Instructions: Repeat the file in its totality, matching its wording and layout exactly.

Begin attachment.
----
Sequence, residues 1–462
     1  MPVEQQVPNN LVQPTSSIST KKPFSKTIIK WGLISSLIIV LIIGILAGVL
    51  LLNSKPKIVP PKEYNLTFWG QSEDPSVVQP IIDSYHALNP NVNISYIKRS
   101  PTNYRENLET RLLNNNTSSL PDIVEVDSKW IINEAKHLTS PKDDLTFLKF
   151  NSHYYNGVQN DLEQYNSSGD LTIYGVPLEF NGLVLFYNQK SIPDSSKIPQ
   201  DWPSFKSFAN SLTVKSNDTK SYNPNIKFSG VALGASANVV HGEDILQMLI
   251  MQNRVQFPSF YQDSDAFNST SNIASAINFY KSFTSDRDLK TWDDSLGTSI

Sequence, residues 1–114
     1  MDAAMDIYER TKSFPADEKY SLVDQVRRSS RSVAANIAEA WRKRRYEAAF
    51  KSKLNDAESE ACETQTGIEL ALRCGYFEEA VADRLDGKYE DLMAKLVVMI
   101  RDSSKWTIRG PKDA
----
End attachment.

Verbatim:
Sequence, residues 1–462
     1  MPVEQQVPNN LVQPTSSIST KKPFSKTIIK WGLISSLIIV LIIGILAGVL
    51  LLNSKPKIVP PKEYNLTFWG QSEDPSVVQP IIDSYHALNP NVNISYIKRS
   101  PTNYRENLET RLLNNNTSSL PDIVEVDSKW IINEAKHLTS PKDDLTFLKF
   151  NSHYYNGVQN DLEQYNSSGD LTIYGVPLEF NGLVLFYNQK SIPDSSKIPQ
   201  DWPSFKSFAN SLTVKSNDTK SYNPNIKFSG VALGASANVV HGEDILQMLI
   251  MQNRVQFPSF YQDSDAFNST SNIASAINFY KSFTSDRDLK TWDDSLGTSI

Sequence, residues 1–114
     1  MDAAMDIYER TKSFPADEKY SLVDQVRRSS RSVAANIAEA WRKRRYEAAF
    51  KSKLNDAESE ACETQTGIEL ALRCGYFEEA VADRLDGKYE DLMAKLVVMI
   101  RDSSKWTIRG PKDA